Imatges de pÓgina
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Come, months, come away,
From November to May,
In your saddest array ;
Follow the bier
Of the dead cold

year,
And like dim shadows watch by her sepulchre.
The chill rain is falling, the nipt worm is crawling,
The rivers are swelling, the thunder is knelling

For the year;
The blithe swallows are tlown, and the lizards each gone

To his dwelling;
Come, months, come away;
Put on white, black, and grey,
Let your light sisters play-
Ye, follow the bier

of the dead cold year,
And make her grave green with tear on tear.

THE CLOUD.
I BRING fresh showers for the thirsting flowers,

From the seas and the streams ;
I bear light shade for the leaves when laid

In their noonday dreams.
From my wings are shaken the dews that waken

The sweet birds every one,
When rocked to rest on their mother's breast,

As she dances about the sun.
I wield the flail of the lashing hail,

And whiten the green plains under,
And then again I dissolve it in rain,

And laugh as I pass in thunder.
I sist the snow on the mountains below,

And their great pines groan aghast ;
And all the night 'tis my pillow white,

While I sleep in the arms of the blast.
Sublime on the towers of my skiey bowers,

Lightning my pilot sits,
In a cavern under is fettered the thunder,

It struggles and howls at fits ;
Over earth and ocean, with gentle motion,

This pilot is guiding me,
Lured by the love of the genii that move

In the depths of the purple sea ;
Over the rills, and the crags, and the hills,

Over the lakes and the plains,
Wherever he dream, under mountain or stream,

The Spirit he loves remains ;
And I all the while bask in heaven's blue smile,

Whilst he is dissolving in rains.
The sanguine sunrise, with his meteor eyes,

And his burning plumes outspread,
Leaps on the back of my sailing rack,

When the morning star shines dead.

As on the jag of a mountain crag,

Which an earthquake rocks and swings, An eagle alit one moment may sit

In the light of its golden wings. And when sunset may breathe, from the lit sea beneath,

Its ardours of rest and of love, And the crimson pall of eve may fall

From the depth of heaven above,
With wings folded I rest, on mine airy nest,

As still as a brooding dove.
That orbèd maiden with white fire laden,

Whom mortals call the moon,
Glides glimmering o'er my fleece-like floor,

By the midnight breezes strewn;
And wherever the heat of her unseen feet,

Which only the angels hear,
May have broken the woof of my tent's thin roof,

The stars peep behind her and peer ;
And I laugh to see them whirl and flee,

Like a swarm of golden bees,
When I widen the rent in my wind-built tent,

Till the calm rivers, lakes, and seas,
Like strips of the sky fallen through me on high,

Are each paved with the moon and these.
I bind the sun's throne with a burning zone,

And the moon's with a girdle of pearl;
The volcanoes are dim, and the stars reel and swim,

When the whirlwinds my banner unfurl.
From cape to cape, with a bridge-like shape,

Over a torrent sea,
Sunbeam-proof, I hang like a roof,

The mountains its columns be.
The triumphal arch through which I march

With hurricane, fire, and snow,
When the powers of the air are chained to my chair,

Is the million-coloured bow:
The sphere-fire above its soft colours wove,

While the moist earth was laughing below.
I am the daughter of earth and water,

And the nursling of the sky;
I pass through the pores of the ocean and shores ;

I change, but I cannot die.
For after the rain when with never a stain,

The pavilion of heaven is bare,
And the winds and sunbeams with their convex gleams,

Build up the blue dome of air, I silently laugh at my own cenotaph,

and out of the caverns of rain, Like a child from the womb, like a ghost from the tomb,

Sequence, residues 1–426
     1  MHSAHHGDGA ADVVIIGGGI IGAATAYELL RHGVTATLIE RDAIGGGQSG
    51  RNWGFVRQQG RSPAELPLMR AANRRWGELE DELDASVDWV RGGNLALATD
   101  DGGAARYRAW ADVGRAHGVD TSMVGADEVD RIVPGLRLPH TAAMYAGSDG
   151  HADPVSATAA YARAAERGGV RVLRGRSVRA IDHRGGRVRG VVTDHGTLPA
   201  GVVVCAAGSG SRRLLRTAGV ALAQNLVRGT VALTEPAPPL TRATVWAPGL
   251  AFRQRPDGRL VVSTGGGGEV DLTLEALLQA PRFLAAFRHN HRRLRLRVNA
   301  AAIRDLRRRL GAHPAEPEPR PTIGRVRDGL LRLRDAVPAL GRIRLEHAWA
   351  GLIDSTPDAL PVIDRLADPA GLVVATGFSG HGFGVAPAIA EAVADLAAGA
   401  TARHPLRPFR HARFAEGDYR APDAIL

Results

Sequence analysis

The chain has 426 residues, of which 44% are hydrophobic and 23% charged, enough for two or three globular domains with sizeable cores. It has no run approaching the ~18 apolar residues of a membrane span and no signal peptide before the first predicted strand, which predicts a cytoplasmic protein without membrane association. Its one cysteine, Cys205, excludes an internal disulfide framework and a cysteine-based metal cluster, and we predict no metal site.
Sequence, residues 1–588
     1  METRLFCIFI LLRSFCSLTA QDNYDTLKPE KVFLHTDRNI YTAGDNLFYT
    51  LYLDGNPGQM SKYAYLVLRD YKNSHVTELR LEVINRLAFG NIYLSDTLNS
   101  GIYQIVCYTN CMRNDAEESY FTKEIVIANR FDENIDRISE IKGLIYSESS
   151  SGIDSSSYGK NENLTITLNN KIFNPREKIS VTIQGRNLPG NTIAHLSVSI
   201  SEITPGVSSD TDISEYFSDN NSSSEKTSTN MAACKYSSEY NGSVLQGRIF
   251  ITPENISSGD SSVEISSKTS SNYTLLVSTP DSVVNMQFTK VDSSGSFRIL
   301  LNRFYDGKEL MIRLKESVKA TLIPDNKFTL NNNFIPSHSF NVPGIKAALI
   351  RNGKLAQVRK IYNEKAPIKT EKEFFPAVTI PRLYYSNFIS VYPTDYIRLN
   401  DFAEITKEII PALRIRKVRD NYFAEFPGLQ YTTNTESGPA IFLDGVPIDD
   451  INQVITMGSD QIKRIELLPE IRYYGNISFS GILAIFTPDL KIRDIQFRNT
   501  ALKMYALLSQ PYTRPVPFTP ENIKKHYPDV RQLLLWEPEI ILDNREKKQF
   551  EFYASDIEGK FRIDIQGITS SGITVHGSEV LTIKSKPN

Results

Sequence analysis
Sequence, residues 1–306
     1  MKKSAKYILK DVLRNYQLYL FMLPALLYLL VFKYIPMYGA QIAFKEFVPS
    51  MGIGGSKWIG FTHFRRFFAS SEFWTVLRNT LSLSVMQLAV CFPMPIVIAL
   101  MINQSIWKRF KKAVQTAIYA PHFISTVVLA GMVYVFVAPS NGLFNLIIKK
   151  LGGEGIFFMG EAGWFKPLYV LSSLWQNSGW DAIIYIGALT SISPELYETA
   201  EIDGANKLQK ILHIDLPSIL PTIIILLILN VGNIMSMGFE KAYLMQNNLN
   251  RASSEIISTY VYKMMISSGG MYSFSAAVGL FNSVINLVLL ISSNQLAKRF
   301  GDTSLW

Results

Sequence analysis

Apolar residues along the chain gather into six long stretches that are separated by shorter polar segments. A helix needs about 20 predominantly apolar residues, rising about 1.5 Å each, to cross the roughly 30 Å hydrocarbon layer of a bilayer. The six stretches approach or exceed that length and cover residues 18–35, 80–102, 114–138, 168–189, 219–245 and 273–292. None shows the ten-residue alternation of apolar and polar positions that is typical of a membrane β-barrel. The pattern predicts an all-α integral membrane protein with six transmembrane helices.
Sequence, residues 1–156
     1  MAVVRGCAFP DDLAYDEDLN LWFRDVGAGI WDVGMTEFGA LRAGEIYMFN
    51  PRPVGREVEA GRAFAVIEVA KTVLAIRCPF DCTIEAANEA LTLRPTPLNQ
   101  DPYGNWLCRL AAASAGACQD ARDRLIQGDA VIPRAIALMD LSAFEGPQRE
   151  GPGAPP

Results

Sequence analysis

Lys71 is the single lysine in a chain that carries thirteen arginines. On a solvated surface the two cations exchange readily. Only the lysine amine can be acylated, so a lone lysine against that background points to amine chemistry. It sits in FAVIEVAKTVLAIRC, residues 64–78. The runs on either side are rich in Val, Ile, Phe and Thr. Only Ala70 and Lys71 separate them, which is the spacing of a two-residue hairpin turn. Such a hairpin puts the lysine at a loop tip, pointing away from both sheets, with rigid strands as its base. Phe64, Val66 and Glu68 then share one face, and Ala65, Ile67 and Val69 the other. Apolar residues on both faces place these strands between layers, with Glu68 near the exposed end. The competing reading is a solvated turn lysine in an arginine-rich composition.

I arise and unbuild it again.

AN EXHORTATION.
CHAMELEONS feed on light and air;

Poets' food is love and same.
If in this wide world of care

Poets could but find the same
With as little toil as they,

Would they ever change their hue

As the light chameleons do,
Suiting it to every ray

Twenty times a day?
Poets are on this cold earth

As chameleons might be
Hidden from their early birth

In a cave beneath the sea.
Where light is, chameleons change;

Where love is not, poets do.

Fame is love disguised: if few
Find either, never think it strange

That poets range.
Yet dare not stain with wealth or power

A poet's free and heavenly mind.
If bright chameleons should devour

Any food but beams and wind,
They would grow as earthly soon

As their brother lizards are.

Children of a sunnier star,
Spirits from beyond the moon,

Oh ! resuse the boon !

LINES WRITTEN AMONG THE EUGANEAN HILLS,

OCTOBER, 1818.
MANY a green isle needs must be But no power to seek or shun,
In the deep wide sea of misery,

He is ever drifted on
Or the mariner, worn and wan,

O'er the unreposing wave Never thus could voyage on

To the haven of the grave. Day and night, and night and day, What, if there no friends will greet; Drifting on his dreary way,

What, if there no heart will meet With the solid darkness black

His with love's impatient beat; Closing round his vessel's track;

Wander wheresoe'er he may, Whilst above the sunless sky.

Can he dream before that day Big with clouds, hangs heavily,

To find refuge from distress And behind the tempest fleet

In friendship's smile, in love's caress? Hurries on with lighining seet,

Then 'twill wreak him little woe Riving sail, and cord, and plank, Whether such there be or no: Till the ship has almost drank

Senseless is the breast, and cold, Death from the o'er-brimming deep; Which relenting love would fold; And sinks down, down, like that sleep Bloodless are the veins and chill When the dreamer seems to be

Which the pulse of pain did fill; Weltering through eternity;

Every little living nerve And the dim low line before

That from bitter words did swerve Of a dark and a distant shore

Round the tortured lips and brow, Still recedes, as ever still

Are like sapless leaflets now Longing with divided will,

Frozen upon December's bough.

On the level quivering line
Of the waters crystalline;
And before that chasm of light,
As within a furnace bright,
Column, tower, and dome, and spire,
Shine like obelisks of fire,
Pointing with inconstant motion
From the altar of dark ocean
'To the sapphire-tinted skies;
As the flames of sacrifice
From the marble shrines did rise,
As to pierce the dome of gold
Where Apollo spoke of old.